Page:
The thickness of the disk-like air chamber 5 is preferably in a range from 20 to 100 micrometers which assures a smooth airflow of sufficient speed to produce the pressure gradient just described. For this purpose the ratio of the thickness of air chamber 5 to the diameter of air discharge channel 8 is preferably 2.5:1. For manufacturing purposes, the front panel 2 has a thickness value preferably 1/2 to 5 times of the diameter of air discharge channel 8.
The printing head of FIG. 1 was found to satisfactorily operate at a potential of about 900 volts with the following parameters:
Diameter of air channel 8 . . . 150 micrometers
Diameter of liquid channel 6 . . . 70 micrometers
Thickness of air chamber 5 . . . 100 micrometers
Thickness of front panel 2 . . . 200 micrometers
Velocity of discharged air . . . 100 m/s
The printing head of FIG. 1 can be modified into various forms as illustrated in FIGS. 5 to 9. In FIG. 5, the front panel 2 has a rectangular shape and the air discharge channel 8 is elongated as shown at 21. The annular air is replaced with a pair of rectangular chambers 22 and 23 from which air is drawn to the nozzle 21 through a rectangular flat chamber 24 which replaces the disk-like chamber 5. A plurality of liquid nozzles, not shown, could be provided in a horizontal row in alignment with the slit nozzle 21. With this arrangement, each liquid channel could be independently supplied with signals from different sources to achieve a multiple nozzle head. In FIGS. 6 and 7, the front panel is an elongated member 25 having a needle air channel 26 axially aligned with a liquid channel 30. The rear block 27 is provided with a vertical slot 27 which terminates at upper and lower air inlet openings 28 and 29 connected to the air supply source 13 so that air is directed to the air discharge channel 26 in opposite directions. In FIGS. 8 and 9, a rectangular cross-section channel 31 is provided in a nozzle member 32 at the bottom of a vertical slot 33 in alignment with a liquid discharge channel 34, an air inlet port 35 being formed at the upper end of the slot 33.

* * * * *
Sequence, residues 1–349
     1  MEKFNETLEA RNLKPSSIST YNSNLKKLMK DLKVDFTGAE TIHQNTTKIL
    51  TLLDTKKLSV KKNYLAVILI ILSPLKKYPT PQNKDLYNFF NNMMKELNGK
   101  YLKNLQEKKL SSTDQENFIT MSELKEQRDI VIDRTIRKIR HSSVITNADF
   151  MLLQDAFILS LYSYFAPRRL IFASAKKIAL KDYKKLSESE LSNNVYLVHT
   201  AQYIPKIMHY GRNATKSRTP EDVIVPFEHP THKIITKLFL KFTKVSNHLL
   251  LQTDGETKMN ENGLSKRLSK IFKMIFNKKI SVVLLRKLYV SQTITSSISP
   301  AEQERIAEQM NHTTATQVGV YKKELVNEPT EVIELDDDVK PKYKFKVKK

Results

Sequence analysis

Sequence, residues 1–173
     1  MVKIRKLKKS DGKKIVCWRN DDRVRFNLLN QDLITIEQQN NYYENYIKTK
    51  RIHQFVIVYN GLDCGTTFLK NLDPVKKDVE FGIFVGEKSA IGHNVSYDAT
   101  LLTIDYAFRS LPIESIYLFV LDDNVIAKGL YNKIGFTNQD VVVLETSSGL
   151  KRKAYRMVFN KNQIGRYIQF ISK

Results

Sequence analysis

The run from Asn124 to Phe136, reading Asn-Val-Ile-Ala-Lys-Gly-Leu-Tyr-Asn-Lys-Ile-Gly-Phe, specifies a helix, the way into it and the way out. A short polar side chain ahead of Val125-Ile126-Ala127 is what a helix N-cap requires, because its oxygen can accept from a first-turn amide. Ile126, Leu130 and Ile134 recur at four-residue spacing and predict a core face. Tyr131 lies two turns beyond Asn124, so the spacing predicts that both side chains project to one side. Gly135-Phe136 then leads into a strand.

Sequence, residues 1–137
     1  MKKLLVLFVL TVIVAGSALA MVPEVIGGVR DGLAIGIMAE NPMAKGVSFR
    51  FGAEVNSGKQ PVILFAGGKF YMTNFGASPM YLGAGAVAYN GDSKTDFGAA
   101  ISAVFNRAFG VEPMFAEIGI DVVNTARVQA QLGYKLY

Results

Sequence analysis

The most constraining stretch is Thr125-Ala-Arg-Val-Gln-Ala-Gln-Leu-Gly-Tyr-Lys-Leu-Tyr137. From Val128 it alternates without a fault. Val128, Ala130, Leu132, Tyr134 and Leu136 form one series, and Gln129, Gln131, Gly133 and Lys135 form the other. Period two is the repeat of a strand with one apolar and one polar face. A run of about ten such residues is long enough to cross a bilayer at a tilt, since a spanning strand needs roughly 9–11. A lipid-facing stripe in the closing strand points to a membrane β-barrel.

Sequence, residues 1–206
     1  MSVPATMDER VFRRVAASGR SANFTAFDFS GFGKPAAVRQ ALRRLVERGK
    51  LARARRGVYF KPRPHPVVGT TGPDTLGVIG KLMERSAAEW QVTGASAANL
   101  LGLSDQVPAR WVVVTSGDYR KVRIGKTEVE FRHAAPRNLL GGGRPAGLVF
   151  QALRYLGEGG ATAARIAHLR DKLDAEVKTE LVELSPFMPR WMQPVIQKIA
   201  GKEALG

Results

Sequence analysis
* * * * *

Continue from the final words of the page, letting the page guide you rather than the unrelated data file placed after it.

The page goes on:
It is desirable that the pressure gradient be as high as possible. In FIG. 10, the printing head 1 has a modified air nozzle plate 40 which is cone-shaped toward the rear block 41 and the latter is correspondingly recessed to form a cone-shaped air chamber 42 so that the airflow path makes an acute angle to the liquid discharge path. As graphically shown in FIG. 11, the pressure gradient of the embodiment of FIG. 10 has a curve 43 which is favorably compared with a curve 44 exhibited by the FIG. 1 embodiment.